Jonathan Gets Reply From Military Over $2.2bn Arms Claim

Military sources have rejected former President Goodluck Jonathan’s claim that his administration bought warships and aircraft from the $2.2bn allegedly looted to the NSA's office.

Jonathan, who spoke at a lecture he delivered on “Youth Entrepreneurship” at the Oxford Union in the United Kingdom, tried to exonerate former National Security Adviser (NSA) Sambo Dasuki of corruption allegations involving $2.2billion voted for arms procurement.

Jonathan had said: “I don’t believe somebody can just steal $2.2 billion; we bought warships, we bought aircraft, we bought lots of weapons for the army and so on and so forth and you are still saying 2.2billion, so where did we get the money to buy all those things?”

But independent checks by The Nation revealed that the former President might have been deceived by his officials on the type of weapons that were bought for the military.

According to several military sources who asked to remain anonymous because of the “sensitivity” of the matter, many of the weapons bought under Jonathan were “unserviceable and useless”.

One said the Jonathan administration bought at least three fairly used (Tokunbo) Alpha Jets for the Nigerian Air Force (NAF) and two helicopters. But the jets were, the sources claimed, “not worth anything because they were not weaponised and the helicopters were cannibalised.”

NAF recently reconfigured 2 demilitarised Alpha jets. According to the NAF website, the jets were bought from the United States in 2015 to help in the fight against Boko Haram.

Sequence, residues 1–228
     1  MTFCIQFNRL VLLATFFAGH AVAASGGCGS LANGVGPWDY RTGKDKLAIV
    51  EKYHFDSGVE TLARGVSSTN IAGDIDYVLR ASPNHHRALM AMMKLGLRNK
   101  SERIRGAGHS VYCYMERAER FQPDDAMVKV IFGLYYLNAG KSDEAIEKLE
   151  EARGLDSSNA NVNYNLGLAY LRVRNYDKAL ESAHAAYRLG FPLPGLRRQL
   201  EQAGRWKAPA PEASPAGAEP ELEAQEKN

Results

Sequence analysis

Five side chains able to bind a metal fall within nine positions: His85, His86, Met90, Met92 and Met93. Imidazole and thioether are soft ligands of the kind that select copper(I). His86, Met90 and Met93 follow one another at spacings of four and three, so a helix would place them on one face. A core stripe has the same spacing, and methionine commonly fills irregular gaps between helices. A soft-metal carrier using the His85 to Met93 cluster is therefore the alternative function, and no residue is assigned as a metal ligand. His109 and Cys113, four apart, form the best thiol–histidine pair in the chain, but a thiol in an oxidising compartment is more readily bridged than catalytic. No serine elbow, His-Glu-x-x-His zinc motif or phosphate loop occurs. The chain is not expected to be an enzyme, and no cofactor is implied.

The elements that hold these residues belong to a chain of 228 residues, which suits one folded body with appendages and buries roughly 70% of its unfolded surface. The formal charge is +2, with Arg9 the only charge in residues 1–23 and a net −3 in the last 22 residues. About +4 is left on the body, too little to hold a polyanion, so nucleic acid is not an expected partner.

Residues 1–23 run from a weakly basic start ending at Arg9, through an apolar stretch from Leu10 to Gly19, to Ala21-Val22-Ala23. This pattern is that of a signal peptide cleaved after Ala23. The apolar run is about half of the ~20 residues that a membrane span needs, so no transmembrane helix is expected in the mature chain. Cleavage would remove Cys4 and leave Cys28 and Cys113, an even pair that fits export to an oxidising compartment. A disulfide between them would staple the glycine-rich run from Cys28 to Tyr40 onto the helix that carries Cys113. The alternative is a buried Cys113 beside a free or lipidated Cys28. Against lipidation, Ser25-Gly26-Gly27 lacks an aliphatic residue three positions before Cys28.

“The 2 aircraft are among the 4 Alpha Jets bought from the United States in 2015 by the immediate past administration to enhance the operational capability of the NAF to combat Boko Haram in the Northeast.

“The aircraft, however, before now, could not be deployed in the theatre of operation due to the inherent weapon delivery deficiency, hence its limited use for training purposes. The urgent need in recent times to commit all NAF available platforms to OPERATION LAFIYA DOLE to enhance the success of the counter insurgency operation necessitated the Service to look inward to seek ways of achieving its drive for self reliance through research and development.

“A number of vendors invited to Nigeria to assess the platforms had concluded that it would be difĂ»cult or almost impossible to undertake the project since the Original Equipment Manufacturer had long closed down the production line. A few others who agreed to the possibility of having the aircraft reconfigured to carry munitions have also submitted proposals for initial assessment fee ranging from $20,000 – $30,000 before they could come up with the actual cost for the project.

"Convinced that the project would work, the NAF consequently assembled a team of technicians to develop a feasible model for the project. The model worked on ground, and has since been mounted on the Alpha Jets, and test fown successfully. This feat is a major research and development breakthrough for the NAF and the nation as a huge foreign exchange saver, given that the project only cost about N4,000,000.00 compared to what would be required to have it done abroad,” NAF said.

However, the former President may have been referring to the purchase of six decommissioned Norwegian battleships, bought purportedly on behalf of the Navy by former Niger Delta militant leader, Government Ekpemupolo, also known as Tompolo.